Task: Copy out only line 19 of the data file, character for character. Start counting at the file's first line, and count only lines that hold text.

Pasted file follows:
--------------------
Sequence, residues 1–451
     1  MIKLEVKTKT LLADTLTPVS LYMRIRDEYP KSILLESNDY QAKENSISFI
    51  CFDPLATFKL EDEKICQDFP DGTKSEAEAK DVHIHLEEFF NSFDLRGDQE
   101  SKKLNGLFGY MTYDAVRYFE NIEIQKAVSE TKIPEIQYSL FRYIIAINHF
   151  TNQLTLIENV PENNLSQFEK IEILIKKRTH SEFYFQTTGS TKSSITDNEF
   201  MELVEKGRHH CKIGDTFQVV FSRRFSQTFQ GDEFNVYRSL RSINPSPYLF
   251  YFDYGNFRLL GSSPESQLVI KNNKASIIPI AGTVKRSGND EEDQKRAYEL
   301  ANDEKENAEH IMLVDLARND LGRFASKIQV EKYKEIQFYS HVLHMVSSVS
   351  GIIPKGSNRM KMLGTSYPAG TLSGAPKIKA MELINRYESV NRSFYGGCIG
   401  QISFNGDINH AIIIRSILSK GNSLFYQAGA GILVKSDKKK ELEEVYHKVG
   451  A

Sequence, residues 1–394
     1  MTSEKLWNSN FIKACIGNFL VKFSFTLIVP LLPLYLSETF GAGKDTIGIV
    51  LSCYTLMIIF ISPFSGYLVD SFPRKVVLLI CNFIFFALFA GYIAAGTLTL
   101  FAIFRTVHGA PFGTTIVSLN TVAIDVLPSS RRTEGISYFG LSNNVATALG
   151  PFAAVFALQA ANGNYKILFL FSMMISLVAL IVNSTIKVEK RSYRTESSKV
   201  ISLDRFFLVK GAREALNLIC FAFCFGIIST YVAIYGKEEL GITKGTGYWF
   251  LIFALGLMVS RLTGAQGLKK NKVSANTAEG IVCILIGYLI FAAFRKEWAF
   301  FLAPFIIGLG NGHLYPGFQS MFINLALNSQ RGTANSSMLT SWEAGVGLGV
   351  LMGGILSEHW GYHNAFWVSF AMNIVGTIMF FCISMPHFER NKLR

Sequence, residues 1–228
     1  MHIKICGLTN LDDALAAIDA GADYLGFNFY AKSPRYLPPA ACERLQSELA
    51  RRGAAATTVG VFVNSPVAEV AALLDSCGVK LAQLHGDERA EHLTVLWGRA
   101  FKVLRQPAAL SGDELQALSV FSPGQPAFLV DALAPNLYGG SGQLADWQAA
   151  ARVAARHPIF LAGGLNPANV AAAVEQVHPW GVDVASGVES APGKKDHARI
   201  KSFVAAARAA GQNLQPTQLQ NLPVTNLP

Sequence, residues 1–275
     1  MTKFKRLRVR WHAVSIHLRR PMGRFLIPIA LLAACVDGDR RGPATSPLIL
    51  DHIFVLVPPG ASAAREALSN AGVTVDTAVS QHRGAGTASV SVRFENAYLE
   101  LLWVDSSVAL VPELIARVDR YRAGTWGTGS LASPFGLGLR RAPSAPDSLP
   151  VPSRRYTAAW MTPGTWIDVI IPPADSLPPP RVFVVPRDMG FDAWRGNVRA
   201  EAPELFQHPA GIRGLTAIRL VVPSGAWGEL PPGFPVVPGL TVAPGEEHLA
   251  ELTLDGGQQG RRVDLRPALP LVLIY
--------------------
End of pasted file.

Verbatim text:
   301  FLAPFIIGLG NGHLYPGFQS MFINLALNSQ RGTANSSMLT SWEAGVGLGV